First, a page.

It is well-known fact that the nature of human being is a completely undiscovered area. The story The Murders in the Rue Morgue by Allan Poe proves this fundamental postulate of psychology. Skillfully, this outstanding United States fiction writer with global acknowledgement contrives to convey the transformations that happens with the old inventor during his life. The main idea of the novel is that when the endeavors and efforts of human being are not rewarded, or at least acknowledged accordingly, this individual is likely to fall into delirium and continue his fruitless struggle against the merciless society, as it happened to the narrator of the story, the old inventor and the father of the homosexual, young, promising broker agent. These revolutionaries are the irreconcilable’s foes of the traditional values of the community, and they, always unsuccessfully and hopelessly continue their campaign against the society, aspiring to prove their greatness, ingenuity and brilliance. Undisputedly, it is a good feature of the character. However, the price of their aspirations and endeavors is always a well-being and happiness of their relatives and close friends, as it happened with the son of the main character of the story, Graham, who was brought up without mother’s care, because she died prematurely, and without his dad’s support and supervision, because his dead turned out to be a zealous and fanatic inventor, obsessed with anything but his inventions.

The first impression created by the main character of the story is normal, and nothing in the first lines of the story purports that the eloquent narrator seriously suffers from mental disorder and some sort of incurable mania that causes problems to his surroundings. The old man is merely irritated by the loose of all moral values by his grandchildren and their peers. The youth is no longer willing to listen to the stories about the war, the conquest of space and about the United States in general. On the contrary, their bookshelves are full of stories about the stars. Realizing, that his values are no longer appreciated by the upcoming progenies, the old man admits that he is ‘glad to be gone’.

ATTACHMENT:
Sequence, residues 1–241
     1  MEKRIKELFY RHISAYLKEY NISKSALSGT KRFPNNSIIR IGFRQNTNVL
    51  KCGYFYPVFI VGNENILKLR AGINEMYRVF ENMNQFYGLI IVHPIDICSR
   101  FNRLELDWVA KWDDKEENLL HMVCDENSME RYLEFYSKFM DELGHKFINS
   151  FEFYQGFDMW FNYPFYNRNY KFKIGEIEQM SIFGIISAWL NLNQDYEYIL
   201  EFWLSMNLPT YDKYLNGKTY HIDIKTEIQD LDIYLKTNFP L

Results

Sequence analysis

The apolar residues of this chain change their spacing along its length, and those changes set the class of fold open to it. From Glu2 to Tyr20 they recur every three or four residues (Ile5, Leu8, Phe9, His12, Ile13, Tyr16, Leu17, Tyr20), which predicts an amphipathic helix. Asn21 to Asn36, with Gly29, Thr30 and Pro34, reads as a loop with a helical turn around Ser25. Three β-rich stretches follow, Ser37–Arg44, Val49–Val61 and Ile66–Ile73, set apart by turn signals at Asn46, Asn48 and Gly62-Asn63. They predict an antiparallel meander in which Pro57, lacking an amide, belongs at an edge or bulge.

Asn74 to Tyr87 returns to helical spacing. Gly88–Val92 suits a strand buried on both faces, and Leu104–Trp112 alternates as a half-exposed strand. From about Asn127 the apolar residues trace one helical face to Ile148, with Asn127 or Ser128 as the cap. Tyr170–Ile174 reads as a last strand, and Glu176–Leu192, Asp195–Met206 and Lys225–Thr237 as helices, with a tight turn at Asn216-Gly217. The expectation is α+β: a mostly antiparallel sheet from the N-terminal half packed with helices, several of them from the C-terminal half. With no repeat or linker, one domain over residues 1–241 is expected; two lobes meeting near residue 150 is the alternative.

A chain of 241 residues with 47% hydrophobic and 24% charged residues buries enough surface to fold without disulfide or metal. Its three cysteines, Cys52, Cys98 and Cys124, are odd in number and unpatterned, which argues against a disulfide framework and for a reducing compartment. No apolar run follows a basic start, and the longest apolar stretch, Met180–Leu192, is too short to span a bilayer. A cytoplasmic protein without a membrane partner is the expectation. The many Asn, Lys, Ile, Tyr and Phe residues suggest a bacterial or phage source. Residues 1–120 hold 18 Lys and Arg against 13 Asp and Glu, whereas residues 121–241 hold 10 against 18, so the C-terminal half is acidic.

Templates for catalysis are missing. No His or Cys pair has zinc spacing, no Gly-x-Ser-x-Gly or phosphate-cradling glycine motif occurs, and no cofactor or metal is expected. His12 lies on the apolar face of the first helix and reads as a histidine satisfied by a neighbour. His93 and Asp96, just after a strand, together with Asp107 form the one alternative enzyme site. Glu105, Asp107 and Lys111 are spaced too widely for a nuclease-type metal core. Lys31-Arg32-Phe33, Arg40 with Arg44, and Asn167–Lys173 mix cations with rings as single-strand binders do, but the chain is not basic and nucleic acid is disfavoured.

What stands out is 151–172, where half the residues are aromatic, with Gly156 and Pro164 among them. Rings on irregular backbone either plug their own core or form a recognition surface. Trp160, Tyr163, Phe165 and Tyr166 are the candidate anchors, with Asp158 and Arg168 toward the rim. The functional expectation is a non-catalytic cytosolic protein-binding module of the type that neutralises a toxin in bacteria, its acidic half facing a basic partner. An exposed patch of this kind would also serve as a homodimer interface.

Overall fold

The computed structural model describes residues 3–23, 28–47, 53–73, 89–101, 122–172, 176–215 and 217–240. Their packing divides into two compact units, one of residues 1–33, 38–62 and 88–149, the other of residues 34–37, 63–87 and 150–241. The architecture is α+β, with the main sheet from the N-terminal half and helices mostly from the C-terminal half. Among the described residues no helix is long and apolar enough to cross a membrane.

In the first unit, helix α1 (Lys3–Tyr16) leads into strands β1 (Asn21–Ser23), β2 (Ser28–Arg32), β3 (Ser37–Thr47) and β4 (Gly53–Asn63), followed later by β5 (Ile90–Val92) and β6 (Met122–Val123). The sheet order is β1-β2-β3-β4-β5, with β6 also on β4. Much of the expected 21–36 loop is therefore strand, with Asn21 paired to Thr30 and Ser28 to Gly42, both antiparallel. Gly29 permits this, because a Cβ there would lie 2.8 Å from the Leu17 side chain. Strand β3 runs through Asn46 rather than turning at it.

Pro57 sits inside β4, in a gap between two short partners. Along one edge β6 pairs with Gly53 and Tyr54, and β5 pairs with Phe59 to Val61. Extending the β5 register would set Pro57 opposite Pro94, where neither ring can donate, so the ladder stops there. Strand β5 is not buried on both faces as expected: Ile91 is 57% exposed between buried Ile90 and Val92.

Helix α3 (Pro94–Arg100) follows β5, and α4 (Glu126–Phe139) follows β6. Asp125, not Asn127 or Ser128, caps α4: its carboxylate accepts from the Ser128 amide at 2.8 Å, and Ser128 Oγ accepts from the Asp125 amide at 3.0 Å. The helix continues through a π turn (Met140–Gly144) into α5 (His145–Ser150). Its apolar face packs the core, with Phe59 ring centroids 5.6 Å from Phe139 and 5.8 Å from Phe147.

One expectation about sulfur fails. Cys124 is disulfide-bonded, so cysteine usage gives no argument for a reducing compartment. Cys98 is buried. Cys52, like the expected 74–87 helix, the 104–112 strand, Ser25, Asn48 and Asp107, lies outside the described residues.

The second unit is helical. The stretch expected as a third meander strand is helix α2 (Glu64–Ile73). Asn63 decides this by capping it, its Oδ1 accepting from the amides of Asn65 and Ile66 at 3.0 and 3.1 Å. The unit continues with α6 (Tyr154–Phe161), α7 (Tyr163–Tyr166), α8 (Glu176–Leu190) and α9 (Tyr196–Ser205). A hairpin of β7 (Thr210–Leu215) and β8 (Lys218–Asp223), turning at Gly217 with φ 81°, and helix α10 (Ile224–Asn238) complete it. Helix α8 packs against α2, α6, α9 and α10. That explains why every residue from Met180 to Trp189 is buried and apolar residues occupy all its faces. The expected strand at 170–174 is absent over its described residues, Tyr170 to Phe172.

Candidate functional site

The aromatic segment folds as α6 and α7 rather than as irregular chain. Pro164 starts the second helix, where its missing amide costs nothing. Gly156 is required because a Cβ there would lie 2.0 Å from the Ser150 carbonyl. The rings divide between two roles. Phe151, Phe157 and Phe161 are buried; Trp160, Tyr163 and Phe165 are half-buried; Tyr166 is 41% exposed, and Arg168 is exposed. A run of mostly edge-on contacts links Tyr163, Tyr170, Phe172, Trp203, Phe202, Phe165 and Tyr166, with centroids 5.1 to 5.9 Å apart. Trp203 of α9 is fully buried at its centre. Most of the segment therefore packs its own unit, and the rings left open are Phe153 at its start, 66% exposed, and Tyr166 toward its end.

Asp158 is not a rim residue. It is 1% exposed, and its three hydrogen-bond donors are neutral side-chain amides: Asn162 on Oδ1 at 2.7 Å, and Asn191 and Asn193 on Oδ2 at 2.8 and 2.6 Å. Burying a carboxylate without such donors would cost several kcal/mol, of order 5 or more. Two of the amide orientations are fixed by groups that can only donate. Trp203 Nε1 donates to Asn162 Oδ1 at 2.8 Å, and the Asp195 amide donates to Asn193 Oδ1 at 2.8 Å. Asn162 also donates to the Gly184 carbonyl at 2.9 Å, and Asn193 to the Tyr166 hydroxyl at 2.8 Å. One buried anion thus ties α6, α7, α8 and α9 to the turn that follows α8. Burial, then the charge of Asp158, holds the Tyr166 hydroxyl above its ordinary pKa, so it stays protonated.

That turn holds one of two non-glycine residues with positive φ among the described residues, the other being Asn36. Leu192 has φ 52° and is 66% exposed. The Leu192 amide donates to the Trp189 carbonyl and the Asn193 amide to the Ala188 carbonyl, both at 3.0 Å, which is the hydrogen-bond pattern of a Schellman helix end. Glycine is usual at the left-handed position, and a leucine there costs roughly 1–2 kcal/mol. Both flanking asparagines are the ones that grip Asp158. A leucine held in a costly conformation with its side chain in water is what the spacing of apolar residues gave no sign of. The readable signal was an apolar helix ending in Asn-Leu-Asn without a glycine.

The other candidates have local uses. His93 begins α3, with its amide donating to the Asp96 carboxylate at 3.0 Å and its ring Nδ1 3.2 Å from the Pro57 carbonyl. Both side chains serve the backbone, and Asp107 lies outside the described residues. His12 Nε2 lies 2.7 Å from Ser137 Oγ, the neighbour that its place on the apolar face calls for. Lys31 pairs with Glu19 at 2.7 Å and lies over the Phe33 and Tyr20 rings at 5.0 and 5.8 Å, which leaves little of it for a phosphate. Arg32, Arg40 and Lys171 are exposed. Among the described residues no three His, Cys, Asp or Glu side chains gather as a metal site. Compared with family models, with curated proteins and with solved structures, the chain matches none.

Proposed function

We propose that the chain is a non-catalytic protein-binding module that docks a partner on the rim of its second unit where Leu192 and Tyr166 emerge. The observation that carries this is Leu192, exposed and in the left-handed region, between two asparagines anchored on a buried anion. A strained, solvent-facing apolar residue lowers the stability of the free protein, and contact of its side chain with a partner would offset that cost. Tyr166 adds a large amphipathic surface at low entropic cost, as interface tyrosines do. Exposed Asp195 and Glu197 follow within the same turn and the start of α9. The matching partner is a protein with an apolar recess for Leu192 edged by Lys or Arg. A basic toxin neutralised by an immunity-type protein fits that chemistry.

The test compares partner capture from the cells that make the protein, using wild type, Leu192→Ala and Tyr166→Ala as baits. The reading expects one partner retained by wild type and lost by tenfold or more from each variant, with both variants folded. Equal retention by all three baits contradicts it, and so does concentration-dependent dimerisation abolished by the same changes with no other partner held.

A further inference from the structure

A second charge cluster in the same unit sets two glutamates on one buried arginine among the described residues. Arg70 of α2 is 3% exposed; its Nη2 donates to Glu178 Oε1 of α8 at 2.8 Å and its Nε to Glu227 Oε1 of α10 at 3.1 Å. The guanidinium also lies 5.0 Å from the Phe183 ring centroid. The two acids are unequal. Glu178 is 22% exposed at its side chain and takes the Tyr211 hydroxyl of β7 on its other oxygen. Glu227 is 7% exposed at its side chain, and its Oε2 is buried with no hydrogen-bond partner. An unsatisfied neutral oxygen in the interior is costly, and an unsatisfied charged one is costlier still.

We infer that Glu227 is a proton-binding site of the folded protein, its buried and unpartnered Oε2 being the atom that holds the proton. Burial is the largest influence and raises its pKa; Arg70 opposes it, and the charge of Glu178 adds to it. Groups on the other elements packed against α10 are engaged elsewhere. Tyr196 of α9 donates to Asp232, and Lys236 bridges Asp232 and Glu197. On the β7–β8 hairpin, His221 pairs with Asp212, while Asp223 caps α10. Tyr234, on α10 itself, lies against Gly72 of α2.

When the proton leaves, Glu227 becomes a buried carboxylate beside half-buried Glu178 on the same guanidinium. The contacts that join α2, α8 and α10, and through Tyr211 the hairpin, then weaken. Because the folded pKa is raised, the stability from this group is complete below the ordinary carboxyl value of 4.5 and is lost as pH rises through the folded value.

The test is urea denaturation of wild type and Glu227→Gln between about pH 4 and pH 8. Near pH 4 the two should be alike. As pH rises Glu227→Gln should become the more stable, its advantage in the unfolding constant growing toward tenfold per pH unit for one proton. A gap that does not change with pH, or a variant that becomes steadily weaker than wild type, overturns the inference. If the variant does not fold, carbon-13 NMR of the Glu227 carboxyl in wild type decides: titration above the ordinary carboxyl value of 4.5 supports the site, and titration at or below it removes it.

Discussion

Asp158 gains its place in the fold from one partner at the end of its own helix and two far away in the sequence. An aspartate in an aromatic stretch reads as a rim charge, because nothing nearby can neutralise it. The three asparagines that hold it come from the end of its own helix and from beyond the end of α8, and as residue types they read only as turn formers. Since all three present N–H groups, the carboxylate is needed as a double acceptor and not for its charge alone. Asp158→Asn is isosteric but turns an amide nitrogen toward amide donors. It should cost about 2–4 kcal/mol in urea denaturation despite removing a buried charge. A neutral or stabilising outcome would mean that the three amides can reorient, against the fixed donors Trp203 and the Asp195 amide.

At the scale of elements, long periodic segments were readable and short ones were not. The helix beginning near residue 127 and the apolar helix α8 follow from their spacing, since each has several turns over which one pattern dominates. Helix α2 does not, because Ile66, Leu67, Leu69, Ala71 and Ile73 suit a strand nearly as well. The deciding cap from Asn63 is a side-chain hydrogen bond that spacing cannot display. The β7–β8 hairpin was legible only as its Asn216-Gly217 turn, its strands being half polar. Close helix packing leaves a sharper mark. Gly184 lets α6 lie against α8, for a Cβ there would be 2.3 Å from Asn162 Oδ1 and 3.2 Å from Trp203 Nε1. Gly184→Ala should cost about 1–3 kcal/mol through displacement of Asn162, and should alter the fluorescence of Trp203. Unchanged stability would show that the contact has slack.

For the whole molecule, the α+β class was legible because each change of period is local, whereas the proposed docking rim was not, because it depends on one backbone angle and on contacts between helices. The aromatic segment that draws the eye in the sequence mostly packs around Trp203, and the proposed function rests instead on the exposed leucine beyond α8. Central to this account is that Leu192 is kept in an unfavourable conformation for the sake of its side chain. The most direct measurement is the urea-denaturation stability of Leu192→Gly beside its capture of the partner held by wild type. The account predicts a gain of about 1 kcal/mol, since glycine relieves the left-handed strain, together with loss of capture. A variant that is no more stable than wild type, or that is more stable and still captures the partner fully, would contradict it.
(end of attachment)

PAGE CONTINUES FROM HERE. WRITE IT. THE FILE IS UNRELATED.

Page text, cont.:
However, while proceeding with reading it becomes more and more evident that the main character is in a desperate need of a serious psychological examination. Firstly, he has virtually stolen the car that belonged to his relative and he hardly believes that the car will be returned. Then, he addresses several notes to his biographer – a deed that is not peculiar even for the greatest people, like the presidents, the war veterans and other outstanding personalities. It is a well-established fact that a work of the biographer begins when the object has already passed away. In other words, it is the prerogative of the society to decide whether the person who has committed something outstanding really deserves to be recorded by his own biographer. In our case the main character of the story has decided that all his exploits will be recorded by the biographer, that is why he permanently leaves notes for his future biographer, explaining either the details of his new inventions or their progressiveness and the innovative nature.

The second reason indicating that the main character of the story became a lunatic is his deeds. He is fervently and dedicatedly obsessed with the idea that he is in fact one of the greatest inventors of the entire human civilization and he deliberately highlights and elevates the nature of his inventions. This man was fired by Kodak for his ‘pointing out to the flaws’ of the output of the company. I assume that it is natural and understandable that a simple engineer, with an ordinary Ph.D. from an ordinary University cannot improve the manufacturing process of such an industrial giant substantially. He was dismissed allegedly for his incompetence, while the main character considered his dismissal as wrongful and unjustified.